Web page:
“As we think about Debbie and our loved ones lost, the transformation from their tragedy is not found in the smoldering rubble and scarred skyline of our great city. It’s not found in the broken walls of our proud Pentagon. It’s not found in the charred crater of courage and those gentle fields of Pennsylvania. Our transformation is not found in the murderous malevolence of madmen. Tragedy transforms us through Divine rescue of boundless love and unlimited compassion. It’s in our ability to care for one another that separates us from the monsters that wound us. Our care for one another has forever transformed us. That is Debbie’s legacy, the world’s legacy”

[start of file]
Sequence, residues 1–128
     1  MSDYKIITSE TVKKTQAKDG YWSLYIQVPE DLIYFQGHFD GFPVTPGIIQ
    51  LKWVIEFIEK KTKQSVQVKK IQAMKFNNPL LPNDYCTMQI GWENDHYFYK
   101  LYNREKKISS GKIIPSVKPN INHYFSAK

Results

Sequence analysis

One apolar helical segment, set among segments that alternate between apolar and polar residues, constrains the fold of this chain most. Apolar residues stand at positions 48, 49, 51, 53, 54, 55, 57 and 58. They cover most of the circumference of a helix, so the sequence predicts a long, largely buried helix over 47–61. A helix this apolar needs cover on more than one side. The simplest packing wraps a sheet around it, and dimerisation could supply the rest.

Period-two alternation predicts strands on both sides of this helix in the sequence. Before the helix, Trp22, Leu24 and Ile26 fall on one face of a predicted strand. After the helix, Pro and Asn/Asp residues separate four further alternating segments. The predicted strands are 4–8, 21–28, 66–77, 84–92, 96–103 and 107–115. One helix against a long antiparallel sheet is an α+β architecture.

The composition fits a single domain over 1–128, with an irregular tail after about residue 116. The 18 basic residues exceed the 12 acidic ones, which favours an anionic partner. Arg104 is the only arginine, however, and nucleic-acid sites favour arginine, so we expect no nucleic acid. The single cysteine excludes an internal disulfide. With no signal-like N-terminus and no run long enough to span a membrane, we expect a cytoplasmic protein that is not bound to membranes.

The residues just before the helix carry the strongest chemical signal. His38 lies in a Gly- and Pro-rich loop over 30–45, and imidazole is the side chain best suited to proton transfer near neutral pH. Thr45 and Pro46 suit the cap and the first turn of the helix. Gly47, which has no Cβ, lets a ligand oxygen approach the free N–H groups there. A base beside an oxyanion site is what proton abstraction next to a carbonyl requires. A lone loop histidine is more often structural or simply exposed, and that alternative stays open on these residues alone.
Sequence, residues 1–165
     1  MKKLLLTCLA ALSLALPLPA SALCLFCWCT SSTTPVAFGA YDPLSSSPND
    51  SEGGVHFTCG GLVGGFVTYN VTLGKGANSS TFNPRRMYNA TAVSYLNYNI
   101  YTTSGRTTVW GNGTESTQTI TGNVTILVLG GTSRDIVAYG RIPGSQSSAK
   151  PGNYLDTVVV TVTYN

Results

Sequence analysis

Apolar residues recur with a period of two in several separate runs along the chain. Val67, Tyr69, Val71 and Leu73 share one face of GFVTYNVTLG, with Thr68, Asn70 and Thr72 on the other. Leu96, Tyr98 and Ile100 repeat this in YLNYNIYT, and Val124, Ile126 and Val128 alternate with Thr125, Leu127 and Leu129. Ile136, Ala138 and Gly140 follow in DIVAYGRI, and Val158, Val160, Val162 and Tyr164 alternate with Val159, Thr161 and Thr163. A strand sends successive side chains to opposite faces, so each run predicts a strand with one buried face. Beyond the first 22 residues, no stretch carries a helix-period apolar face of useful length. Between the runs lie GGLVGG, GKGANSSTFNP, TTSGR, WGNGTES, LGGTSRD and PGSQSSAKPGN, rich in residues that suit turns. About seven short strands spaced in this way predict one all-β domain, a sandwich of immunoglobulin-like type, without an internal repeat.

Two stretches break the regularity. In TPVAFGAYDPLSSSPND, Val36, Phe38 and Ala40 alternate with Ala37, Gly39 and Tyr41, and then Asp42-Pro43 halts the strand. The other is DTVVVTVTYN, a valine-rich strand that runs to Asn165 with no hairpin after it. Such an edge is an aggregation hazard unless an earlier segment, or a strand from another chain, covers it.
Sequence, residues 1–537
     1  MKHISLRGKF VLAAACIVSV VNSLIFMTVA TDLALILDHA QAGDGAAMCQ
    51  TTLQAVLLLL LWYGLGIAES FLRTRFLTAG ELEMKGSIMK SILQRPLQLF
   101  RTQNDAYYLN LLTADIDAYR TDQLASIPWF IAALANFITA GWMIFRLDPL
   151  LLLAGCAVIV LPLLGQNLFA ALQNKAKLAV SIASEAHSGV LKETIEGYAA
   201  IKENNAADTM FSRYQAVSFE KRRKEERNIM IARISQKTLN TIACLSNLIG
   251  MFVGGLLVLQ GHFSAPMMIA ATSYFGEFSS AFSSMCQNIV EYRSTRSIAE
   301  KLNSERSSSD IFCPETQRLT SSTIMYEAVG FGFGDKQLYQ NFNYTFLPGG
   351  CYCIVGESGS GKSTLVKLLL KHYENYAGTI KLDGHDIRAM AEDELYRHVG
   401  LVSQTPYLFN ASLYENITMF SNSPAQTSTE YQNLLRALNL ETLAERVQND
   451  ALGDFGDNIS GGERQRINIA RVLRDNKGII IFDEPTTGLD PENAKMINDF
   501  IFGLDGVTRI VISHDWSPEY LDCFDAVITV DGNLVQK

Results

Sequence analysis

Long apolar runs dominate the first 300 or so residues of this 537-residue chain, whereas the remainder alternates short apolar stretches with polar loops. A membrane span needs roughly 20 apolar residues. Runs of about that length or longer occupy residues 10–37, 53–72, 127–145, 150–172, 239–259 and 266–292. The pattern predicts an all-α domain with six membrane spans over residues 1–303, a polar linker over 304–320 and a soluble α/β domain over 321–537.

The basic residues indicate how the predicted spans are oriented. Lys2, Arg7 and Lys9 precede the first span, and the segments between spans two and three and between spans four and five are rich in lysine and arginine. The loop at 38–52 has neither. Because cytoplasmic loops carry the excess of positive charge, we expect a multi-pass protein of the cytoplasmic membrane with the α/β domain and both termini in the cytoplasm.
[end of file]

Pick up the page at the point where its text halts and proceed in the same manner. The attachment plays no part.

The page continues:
Versatility has always been an essential ingredient for a career within the Arts but the ability to think outside the box is even more important today.
So when one opportunity goes cold you are already thinking about the next one. Of course that means that you have to be alert and aware of trends within the industry as well as having the foresight see into the future.
When I was lecturing on the MA Music Management and Artist Development degree at London College of Music as I introduced myself I would always say to the students.
‘I guess you might be wondering, if I am so successful, why I am actually lecturing to you guys. Well, the answer is simple, I am here to pick your brains and to learn from you, because you are the future and if I want to continue to do the job I love, I need to know how you think and what’s important’
Usually this made them laugh, but I was deadly serious.